Jesus took upon himself the title of the figure Daniel saw. And he invoked this handing over of authority when confronted with the charge that he had blasphemed by telling a paralytic that his sins were forgiven. The crowd knows the story of Daniel’s vision and they conclude that humanity now has been delegated new powers.
But that you may know that the Son of Man has authority on earth to forgive sins”—he then said to the paralytic—“Rise, pick up your bed and go home.” And he rose and went home. When the crowds saw it, they were afraid, and they glorified God, who had given such authority to men. (Matthew 9:6-8, ESV)
My point in these few passages is that the kingdom is exactly what the Bible is about, what it says it is about, what it begins and ends with, and what it repeatedly comes back to.
Genesis doesn’t just happen to end with the story of a man who becomes king of the world at the right hand of the emperor.
Or consider the book of Proverbs–a book I sometimes think intellectual Evangelicals are embarrassed by.
If you are a believer in a religion that is best expressed as four spiritual laws or a flow-chart or a chart about the dispensations of history, or a scheme of double predestination, or many other things (some of which may or may not be true–the issue is not veracity but primacy), then it will be a mystery to you why God wrote the book of Proverbs and put it in our Bibles.
If you are a practitioner of a religion centered on a story that begins with how God made men and women to relate to Him and one another as they take dominion over the world, and move downstream from their garden home, and find gold, and start trading and have to raise children and eventually build cities that are supposed to further reflect the glory of God, then you will completely understand why the book of Proverbs had to be included as Scripture.
The kingdom of God (and of Humanity by creation and then redemption) is, in fact, what makes wisdom so important. This isn’t an association invented by Solomon; it again starts in Genesis. The first time wisdom is mentioned in the Bible, it is used to describe what tempted Eve about the tree–that it was desirable to make her wise.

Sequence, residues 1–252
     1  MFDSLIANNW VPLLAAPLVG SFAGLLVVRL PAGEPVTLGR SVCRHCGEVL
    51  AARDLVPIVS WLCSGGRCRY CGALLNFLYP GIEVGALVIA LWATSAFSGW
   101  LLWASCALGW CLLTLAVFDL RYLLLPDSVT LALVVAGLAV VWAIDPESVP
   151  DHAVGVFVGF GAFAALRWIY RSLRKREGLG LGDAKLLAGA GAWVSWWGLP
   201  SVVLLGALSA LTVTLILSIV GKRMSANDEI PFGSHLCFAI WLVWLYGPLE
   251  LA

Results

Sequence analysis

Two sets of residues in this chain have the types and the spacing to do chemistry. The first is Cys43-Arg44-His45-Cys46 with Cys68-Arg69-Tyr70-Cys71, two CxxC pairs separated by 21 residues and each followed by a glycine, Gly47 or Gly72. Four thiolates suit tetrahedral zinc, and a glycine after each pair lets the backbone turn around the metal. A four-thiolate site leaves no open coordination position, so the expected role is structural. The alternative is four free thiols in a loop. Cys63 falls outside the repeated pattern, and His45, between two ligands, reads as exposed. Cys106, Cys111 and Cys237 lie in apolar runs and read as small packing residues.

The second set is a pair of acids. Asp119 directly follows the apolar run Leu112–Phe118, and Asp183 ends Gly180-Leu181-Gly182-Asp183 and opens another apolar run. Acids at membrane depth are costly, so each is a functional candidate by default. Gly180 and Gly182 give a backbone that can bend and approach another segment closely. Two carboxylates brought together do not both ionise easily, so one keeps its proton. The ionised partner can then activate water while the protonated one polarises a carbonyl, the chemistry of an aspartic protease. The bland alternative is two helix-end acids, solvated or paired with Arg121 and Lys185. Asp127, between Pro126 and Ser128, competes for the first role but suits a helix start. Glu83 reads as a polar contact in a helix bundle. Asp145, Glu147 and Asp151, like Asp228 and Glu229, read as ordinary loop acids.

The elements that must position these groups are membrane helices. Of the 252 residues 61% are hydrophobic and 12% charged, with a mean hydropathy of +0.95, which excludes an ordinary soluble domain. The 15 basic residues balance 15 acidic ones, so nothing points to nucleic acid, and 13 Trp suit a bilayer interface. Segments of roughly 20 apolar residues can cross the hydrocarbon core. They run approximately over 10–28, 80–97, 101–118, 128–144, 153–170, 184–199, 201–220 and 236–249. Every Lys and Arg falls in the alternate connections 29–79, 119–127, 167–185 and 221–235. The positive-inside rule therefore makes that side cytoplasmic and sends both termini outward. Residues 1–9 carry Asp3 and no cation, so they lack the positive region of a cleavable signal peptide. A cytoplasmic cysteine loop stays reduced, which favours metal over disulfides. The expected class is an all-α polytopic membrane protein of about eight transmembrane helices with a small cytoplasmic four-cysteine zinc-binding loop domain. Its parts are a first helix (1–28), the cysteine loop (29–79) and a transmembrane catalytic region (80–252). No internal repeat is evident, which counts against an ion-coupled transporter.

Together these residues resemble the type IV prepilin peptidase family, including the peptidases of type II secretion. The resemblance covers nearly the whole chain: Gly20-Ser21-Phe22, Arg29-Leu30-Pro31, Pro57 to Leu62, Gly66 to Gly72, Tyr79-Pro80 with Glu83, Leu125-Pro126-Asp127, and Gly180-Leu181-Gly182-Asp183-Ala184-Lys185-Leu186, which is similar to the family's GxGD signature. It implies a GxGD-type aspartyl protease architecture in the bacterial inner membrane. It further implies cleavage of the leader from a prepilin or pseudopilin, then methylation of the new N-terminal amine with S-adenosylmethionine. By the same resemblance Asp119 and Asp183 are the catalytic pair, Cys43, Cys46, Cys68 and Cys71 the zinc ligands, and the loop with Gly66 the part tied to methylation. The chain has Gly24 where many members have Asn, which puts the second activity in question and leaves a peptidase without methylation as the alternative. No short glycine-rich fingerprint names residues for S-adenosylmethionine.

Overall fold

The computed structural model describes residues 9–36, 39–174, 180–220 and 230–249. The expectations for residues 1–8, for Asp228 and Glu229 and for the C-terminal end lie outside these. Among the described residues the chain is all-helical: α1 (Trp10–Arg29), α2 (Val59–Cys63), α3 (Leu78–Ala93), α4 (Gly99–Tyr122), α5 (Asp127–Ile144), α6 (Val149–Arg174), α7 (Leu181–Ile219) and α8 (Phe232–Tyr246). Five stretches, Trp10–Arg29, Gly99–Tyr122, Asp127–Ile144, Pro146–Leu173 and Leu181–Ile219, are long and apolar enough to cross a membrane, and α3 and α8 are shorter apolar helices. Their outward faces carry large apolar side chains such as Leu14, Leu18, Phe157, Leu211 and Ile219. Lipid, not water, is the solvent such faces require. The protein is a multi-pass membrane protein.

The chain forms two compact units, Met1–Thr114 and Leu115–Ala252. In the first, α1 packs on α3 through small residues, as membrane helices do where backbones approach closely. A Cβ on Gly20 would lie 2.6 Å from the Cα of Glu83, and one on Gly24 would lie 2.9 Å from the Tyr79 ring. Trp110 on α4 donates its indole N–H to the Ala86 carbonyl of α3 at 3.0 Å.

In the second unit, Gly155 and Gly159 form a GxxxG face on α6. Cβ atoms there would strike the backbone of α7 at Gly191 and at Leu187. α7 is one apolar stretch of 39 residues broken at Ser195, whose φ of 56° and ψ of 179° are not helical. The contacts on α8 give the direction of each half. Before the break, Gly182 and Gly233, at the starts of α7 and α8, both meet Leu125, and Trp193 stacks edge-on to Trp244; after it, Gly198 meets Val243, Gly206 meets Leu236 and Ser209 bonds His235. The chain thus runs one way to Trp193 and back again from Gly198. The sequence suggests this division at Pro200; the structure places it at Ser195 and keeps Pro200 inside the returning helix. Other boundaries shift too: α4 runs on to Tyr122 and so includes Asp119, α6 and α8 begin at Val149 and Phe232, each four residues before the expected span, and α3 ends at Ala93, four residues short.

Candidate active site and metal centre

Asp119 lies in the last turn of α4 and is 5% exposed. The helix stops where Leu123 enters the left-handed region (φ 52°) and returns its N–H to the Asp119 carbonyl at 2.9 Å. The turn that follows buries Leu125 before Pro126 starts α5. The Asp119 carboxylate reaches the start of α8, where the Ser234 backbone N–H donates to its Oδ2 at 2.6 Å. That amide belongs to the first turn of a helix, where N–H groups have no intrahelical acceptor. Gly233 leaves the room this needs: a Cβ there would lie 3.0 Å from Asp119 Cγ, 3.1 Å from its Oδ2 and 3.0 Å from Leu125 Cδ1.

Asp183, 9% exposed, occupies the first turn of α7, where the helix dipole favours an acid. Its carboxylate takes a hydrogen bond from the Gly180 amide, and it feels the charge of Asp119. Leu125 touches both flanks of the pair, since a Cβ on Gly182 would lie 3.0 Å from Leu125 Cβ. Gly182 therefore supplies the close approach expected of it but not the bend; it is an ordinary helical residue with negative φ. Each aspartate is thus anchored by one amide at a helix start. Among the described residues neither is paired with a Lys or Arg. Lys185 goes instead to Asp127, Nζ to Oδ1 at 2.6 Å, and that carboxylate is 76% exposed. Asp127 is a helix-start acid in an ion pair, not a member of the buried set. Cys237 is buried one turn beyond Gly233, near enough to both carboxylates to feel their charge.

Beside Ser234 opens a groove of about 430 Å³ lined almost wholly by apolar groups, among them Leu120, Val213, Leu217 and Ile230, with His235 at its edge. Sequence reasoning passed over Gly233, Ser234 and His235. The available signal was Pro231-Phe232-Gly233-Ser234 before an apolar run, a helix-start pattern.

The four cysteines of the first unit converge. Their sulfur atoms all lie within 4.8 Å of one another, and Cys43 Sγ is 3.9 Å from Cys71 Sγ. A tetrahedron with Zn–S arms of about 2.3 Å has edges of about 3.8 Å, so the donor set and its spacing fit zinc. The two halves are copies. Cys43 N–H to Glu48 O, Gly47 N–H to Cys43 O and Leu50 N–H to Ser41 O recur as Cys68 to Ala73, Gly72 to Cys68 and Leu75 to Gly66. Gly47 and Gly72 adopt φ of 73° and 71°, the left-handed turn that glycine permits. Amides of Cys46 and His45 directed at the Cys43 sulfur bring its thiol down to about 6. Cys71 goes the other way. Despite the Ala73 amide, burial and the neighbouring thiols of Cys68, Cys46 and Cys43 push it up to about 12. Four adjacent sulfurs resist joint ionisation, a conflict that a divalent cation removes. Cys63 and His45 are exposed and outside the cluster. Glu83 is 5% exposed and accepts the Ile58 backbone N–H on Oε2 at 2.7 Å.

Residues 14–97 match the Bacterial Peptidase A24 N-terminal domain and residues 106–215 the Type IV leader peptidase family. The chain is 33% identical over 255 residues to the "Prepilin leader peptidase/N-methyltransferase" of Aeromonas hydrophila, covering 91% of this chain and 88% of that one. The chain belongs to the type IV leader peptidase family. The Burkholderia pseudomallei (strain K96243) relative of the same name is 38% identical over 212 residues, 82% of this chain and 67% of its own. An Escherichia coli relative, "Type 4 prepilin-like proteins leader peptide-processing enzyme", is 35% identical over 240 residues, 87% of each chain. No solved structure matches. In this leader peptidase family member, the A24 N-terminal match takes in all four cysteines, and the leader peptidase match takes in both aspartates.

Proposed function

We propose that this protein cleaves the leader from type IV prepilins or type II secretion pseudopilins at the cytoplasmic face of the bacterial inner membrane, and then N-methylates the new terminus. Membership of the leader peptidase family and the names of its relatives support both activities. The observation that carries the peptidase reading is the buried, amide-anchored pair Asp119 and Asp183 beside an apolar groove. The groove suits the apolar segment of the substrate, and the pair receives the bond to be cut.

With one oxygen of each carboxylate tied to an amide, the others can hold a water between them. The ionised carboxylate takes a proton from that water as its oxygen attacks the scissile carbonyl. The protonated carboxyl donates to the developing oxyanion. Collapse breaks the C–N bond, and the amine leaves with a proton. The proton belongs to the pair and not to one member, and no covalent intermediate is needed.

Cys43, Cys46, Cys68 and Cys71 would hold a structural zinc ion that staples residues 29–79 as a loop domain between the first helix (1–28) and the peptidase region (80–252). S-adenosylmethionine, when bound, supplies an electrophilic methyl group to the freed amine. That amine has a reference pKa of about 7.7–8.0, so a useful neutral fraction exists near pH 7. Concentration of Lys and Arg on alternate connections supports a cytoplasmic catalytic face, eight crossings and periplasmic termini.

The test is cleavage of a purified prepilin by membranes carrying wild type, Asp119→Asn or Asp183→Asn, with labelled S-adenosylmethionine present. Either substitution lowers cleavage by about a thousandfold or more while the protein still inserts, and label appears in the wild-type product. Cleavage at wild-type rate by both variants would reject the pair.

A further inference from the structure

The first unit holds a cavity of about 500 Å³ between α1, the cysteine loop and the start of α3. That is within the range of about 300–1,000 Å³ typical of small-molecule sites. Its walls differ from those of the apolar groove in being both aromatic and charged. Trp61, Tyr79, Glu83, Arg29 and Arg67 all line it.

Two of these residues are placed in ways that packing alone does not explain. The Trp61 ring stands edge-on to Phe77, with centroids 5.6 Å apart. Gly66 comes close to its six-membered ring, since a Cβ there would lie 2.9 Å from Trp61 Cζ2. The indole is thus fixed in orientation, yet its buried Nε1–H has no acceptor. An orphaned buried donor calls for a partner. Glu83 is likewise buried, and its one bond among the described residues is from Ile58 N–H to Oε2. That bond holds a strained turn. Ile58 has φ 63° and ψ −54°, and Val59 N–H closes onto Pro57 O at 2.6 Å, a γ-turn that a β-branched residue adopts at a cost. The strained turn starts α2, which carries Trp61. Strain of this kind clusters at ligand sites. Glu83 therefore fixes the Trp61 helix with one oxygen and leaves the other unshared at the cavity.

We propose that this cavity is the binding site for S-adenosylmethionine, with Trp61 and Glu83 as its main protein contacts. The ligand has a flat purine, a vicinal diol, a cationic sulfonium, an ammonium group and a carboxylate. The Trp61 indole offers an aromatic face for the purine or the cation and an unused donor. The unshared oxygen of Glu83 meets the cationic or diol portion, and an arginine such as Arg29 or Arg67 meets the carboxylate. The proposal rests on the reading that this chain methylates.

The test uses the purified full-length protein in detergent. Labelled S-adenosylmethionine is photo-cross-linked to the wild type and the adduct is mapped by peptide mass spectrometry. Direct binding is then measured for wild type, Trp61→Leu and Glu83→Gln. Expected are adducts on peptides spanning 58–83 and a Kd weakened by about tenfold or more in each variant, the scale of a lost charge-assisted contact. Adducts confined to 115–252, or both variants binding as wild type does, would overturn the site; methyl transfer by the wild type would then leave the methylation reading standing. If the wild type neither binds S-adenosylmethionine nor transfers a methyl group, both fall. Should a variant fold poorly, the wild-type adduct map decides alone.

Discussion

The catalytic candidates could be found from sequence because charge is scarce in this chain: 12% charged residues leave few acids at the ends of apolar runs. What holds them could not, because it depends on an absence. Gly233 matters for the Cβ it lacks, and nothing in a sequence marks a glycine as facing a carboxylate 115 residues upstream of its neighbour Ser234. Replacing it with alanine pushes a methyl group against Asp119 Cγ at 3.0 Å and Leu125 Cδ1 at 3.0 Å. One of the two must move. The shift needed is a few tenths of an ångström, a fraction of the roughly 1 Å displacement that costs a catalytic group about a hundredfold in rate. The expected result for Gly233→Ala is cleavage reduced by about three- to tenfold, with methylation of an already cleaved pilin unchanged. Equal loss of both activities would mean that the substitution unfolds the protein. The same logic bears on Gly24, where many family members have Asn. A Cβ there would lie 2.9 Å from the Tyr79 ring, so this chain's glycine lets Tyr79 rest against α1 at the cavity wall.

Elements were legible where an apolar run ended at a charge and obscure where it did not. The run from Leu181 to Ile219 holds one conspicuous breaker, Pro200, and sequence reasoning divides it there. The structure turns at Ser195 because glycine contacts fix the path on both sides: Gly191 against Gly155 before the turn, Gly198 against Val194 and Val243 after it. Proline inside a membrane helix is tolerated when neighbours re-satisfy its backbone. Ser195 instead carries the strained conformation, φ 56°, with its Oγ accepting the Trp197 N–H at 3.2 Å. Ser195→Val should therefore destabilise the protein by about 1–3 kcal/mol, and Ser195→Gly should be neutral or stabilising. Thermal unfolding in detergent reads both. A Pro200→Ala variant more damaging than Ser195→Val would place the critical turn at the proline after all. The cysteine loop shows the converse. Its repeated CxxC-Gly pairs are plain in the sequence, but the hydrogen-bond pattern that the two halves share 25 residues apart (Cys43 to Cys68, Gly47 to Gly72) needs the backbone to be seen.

This seems to be the equivalent of gaining the knowledge of good and evil, having one’s eyes opened… and being like God.
At the end of Genesis 3 God seems to agree with these equivalences:
Then the Lord God said, “Behold, the man has become like one of us in knowing good and evil…”
Adam and Eve are naked in the beginning of Genesis. Genesis ends with a man who, after repeatedly losing his robe of authority through injustice, gains authority over the whole world… precisely because he is wise.
This proposal pleased Pharaoh and all his servants. And Pharaoh said to his servants, “Can we find a man like this, in whom is the Spirit of God?” Then Pharaoh said to Joseph, “Since God has shown you all this, there is none so discerning and wise as you are. You shall be over my house, and all my people shall order themselves as you command. Only as regards the throne will I be greater than you.” And Pharaoh said to Joseph, “See, I have set you over all the land of Egypt.” Then Pharaoh took his signet ring from his hand and put it on Joseph’s hand, and clothed him in garments of fine linen and put a gold chain about his neck.
So nakedness means one has not yet been clothed in authority. God had prepared humanity to learn such wisdom and rule. In Christ that plan is restored and elevated. This is a basic image in the book of Revelation where priest-kings are given robes to wear.
The point of all this is simple: No one can possibly claim to understand the Bible and have it basically right, and yet treat the Kingdom as some kind of puzzle to be sorted out after all the really important stuff is settled. If Evangelicals are really puzzling over the Kingdom then they haven’t understood the Bible.<>